Dude, where’s my recovery?

It may not be perceptible to the naked eye, and for most of us it sure doesn’t feel like it, but the Irish economy may be ready to leave intensive care. Make no mistake, a long and difficult period of treatment is in store, but there is mounting evidence that the worst is over.

Certainly, the last set of headline economic growth figures suggested a case of severe winter flu. This was due in large measure to an export engine stalling in the face of weak global demand and an end to patents on some of the blockbuster drugs produced for foreign consumption in our vast pharmaceutical sector.

Over the course of an uncharacteristically sunny Irish summer, however, the economy’s vital signs took a turn for the better. Unemployment fell slowly but steadily to reach 13.4%, improving by roughly 0.1% per month. Nor is this solely down to emigration and people giving up on the job search; 9,000 full-time jobs were being created monthly up to the end of June. Retail sales surged 6.1% in July, in part because the new 132 number plates encouraged people to buy cars in mid-summer rather than wait until January.

Perhaps too soon for the back-slapping, corner-turning, green-shooting rhetoric of recovery, but these are encouraging signs nonetheless. Combined with a slight pick-up recently in growth in our main trading partners, this points to a stronger economic performance in the second half of the year.

So then, why doesn’t it feel like a recovery yet?

A large part of the problem is that the economy has fallen so far that even as it gets back on its feet, there is still a mountain to climb. Unemployment is still unacceptably high. Investment is running at dangerously low levels. Budget cuts and tax hikes continue to take their toll. On average, earnings have flat-lined since 2009, having fallen in many sectors. When inflation is taken into account, workers and welfare recipients have seen steep declines in disposable income. For many, falling incomes render mortgage repayments unpayable. Even as the economy’s prognosis improves, it is still hurting, and chronic pain looks likely to persist.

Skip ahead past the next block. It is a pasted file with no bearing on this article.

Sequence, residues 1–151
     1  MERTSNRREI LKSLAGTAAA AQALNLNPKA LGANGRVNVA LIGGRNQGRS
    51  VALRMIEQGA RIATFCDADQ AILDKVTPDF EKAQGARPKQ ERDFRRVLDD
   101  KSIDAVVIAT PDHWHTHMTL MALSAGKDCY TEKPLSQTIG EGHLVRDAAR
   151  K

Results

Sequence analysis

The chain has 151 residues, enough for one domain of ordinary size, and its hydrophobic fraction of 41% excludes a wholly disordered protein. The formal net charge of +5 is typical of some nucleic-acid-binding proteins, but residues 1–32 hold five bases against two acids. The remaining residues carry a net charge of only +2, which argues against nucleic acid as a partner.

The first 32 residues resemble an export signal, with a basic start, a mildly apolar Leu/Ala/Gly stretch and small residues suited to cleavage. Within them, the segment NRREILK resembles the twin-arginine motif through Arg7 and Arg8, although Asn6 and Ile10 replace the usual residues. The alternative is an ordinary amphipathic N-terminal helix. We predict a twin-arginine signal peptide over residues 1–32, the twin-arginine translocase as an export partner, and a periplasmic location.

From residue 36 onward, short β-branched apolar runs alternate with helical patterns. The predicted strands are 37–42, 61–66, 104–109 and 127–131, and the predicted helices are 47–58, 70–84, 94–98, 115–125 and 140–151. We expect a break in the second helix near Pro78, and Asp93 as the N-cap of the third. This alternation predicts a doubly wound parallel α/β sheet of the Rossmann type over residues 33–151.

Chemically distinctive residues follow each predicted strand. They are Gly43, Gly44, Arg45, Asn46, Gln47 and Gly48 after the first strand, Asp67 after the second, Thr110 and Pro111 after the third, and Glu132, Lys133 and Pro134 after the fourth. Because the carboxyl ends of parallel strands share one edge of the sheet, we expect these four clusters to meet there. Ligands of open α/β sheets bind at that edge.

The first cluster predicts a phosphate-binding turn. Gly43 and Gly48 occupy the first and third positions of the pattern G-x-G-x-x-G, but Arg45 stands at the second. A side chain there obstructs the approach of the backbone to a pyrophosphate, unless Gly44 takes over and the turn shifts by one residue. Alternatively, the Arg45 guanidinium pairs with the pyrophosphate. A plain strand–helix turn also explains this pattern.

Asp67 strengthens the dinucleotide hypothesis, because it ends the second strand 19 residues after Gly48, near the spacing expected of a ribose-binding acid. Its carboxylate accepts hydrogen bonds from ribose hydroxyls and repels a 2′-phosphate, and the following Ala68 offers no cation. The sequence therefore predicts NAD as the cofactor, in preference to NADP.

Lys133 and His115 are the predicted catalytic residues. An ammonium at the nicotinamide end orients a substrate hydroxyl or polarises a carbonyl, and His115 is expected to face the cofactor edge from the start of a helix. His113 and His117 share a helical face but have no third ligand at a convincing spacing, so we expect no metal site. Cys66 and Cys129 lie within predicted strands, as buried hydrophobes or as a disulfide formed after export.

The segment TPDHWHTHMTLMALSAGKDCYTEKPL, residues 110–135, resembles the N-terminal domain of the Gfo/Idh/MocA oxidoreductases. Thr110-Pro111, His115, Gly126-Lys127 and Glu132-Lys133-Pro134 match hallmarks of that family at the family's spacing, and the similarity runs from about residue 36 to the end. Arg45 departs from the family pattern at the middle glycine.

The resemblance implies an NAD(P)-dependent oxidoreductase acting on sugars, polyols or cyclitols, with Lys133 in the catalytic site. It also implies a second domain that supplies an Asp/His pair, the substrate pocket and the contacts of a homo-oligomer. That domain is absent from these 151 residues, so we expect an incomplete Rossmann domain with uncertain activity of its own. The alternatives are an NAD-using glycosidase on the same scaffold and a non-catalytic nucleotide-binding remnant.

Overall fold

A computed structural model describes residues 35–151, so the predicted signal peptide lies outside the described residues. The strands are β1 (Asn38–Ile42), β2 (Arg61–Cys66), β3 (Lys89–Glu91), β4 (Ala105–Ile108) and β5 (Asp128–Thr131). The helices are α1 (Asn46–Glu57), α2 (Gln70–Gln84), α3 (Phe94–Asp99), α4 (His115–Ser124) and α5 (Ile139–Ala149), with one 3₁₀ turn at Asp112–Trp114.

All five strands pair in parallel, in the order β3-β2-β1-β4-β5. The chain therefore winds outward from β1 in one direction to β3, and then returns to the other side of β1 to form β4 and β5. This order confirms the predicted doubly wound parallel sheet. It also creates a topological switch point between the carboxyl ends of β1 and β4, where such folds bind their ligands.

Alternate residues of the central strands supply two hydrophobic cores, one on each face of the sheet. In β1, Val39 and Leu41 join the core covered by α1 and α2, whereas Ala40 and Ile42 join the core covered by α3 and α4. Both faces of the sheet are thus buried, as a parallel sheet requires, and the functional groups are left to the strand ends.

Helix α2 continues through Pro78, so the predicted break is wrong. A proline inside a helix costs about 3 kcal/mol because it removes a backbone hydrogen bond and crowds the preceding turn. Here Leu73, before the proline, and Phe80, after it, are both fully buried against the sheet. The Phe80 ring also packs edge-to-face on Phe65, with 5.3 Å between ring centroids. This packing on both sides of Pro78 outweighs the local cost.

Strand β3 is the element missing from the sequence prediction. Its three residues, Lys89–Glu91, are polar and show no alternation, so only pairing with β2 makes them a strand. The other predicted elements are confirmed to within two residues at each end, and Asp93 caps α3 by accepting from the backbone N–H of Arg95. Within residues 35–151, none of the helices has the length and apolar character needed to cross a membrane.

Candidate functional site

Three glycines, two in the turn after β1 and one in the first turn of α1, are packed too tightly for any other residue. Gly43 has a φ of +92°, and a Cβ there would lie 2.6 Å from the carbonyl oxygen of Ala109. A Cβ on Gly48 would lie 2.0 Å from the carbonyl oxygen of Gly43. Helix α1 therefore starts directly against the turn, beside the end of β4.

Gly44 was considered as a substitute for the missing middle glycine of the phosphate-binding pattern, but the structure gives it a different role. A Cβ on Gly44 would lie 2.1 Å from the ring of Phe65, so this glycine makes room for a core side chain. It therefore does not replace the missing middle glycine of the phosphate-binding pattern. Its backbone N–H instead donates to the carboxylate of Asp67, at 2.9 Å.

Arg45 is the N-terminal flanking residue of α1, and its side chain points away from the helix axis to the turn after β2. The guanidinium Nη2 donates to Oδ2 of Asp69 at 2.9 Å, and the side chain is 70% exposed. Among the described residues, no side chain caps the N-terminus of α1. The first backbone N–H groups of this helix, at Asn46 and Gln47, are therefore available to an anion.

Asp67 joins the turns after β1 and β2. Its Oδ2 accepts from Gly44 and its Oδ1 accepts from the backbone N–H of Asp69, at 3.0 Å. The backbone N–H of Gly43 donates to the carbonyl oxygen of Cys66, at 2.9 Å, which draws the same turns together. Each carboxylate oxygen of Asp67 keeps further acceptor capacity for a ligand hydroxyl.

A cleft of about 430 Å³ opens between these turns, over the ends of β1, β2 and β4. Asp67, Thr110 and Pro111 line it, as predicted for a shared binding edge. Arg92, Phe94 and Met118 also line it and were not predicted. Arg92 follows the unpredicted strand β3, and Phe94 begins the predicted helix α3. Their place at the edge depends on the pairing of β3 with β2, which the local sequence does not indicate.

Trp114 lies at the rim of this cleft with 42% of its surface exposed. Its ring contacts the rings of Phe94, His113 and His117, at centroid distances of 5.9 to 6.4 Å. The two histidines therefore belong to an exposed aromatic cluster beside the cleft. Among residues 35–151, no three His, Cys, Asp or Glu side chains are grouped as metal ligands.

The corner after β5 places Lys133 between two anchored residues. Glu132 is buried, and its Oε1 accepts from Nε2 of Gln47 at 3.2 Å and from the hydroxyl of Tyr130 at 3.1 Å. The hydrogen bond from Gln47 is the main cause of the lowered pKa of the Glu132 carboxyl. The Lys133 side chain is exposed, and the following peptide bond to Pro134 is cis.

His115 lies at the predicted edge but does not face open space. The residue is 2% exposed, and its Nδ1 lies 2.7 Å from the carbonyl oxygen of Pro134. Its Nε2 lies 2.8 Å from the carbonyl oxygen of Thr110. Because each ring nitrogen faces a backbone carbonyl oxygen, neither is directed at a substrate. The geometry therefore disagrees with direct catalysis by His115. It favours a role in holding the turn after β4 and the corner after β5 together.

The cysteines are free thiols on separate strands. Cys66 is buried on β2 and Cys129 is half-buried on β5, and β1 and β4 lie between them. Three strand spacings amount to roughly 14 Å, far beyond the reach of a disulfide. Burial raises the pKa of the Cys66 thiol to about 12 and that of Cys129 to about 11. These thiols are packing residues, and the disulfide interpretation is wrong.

Another factor is that averages can hide as much as they reveal. While most people have taken some hit to their living standards since 2008, the pain is neither universal nor evenly spread. People working in the construction or hospitality sectors will have had a very different experience than those in the multinational IT sector, for instance, while many of those who had retired and repaid their mortgages prior to the crash have not suffered to anything like the same extent as the generation that came of age as the Celtic Tiger roared.

If the boom increased inequality, and the burden of the bust was unfairly distributed, there is a very real danger that the recovery will also pass many people by as it gains strength. As we know, the rising tide doesn’t lift all boats, and life rafts are in short supply.

1 in 5 children are being raised in jobless households. Well over half of the 300,000 unemployed have been out of work for over a year while 1 in 3 people under 25 who want a job can’t find one. The longer people are out of work, the less likely they are to find one and the more likely they are to experience lower incomes in the longer-term. With prospects so bleak at home, 1 in 50 people living in Ireland are deciding to emigrate annually, testament to the social scars imposed by economic depression.

Ultimately, the best way to overcome poverty and social exclusion is to ensure the maximum number of people can get a decent job that pays a living wage while ensuring everyone else, the unhappy few, can enjoy a standard of living sufficient to engage meaningfully in a modern society. Young people graduating from school or college, for instance, should never be faced with a choice between emigration and welfare dependency.

Progress is being made as the welfare system slowly transitions to a more ‘activist’ stance, engaging more intensively with people to help them find jobs and get work experience. But these initiatives are nothing near the scale needed to ensure that tens of thousands of people can gain the skills they need for the jobs that will be created as the economy recovers.

Even the construction sector will eventually recuperate, but it will not – and should not – ever come to dominate the economy as before 2008. This means people will need to be willing to re-train and change sector, if necessary, but the government has a duty of care to provide sufficient and meaningful opportunities for people to make the most of their potential.

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